Unity In Neil Gaiman's American Gods

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Throughout Neil Gaiman’s novel “American Gods”, Gaiman accepts the secularization of America and presents an America that has been disenchanted, displayed through the actions of the old gods in the novel. The “storm” that brews throughout the book takes place as a final battle between old and new gods but ends with little bloodshed. The clear outcome of no winner in this final battle depicts how both old and new gods are able to coincide with each other. The reason this sort of unity takes place is because the gods have turned into the same entity. This is displayed by the old gods becoming more secular themselves relying on the world to survive, indicating a separation from what their religions originally stood for. The ideological “equal opportunity for all” premise that America has portrays is taken into question in Gaiman’s book as all the character that made the voyage to America, either came in by chains. Another ideology that comes into play in American Gods is the melting pot ideal of…show more content…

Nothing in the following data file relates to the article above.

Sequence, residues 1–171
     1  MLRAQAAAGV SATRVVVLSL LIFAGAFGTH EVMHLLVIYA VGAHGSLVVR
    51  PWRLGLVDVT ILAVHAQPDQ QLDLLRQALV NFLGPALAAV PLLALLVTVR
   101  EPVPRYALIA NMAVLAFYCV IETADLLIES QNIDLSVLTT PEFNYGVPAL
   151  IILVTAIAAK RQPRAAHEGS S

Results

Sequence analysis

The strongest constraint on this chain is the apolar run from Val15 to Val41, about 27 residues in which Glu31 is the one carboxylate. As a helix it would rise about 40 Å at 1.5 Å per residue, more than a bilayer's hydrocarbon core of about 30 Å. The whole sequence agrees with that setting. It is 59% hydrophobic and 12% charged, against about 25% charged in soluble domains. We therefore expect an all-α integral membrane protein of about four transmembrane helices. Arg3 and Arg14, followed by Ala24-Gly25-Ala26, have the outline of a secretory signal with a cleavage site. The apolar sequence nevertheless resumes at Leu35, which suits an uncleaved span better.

Sukey, or Madame Zouzou, the slave girl who brought her religion from St. Domingo to America through enslavement is originally the true form of her African religion. Madame Zouzou continued to dance the Calinda and the Bamboula of her religion to please her gods, even in the most troubling times. Her own willing choice to sacrifice to her gods through these dances represents her religion in its original form because she does not change the religion to fit her needs. However, as Madame Zouzou reaches old age and passes her religion on to the Widow Paris, the Widow Paris “had no interest in the gods of the distant land” (296) and “If St. Domingo had been lush black earth for the African gods to grow in, this land … was barren and infertile” (296). The refocus of ideals from the gods to the people acts as a form of disenchantment from the original religion and in its place is a faulty take on the

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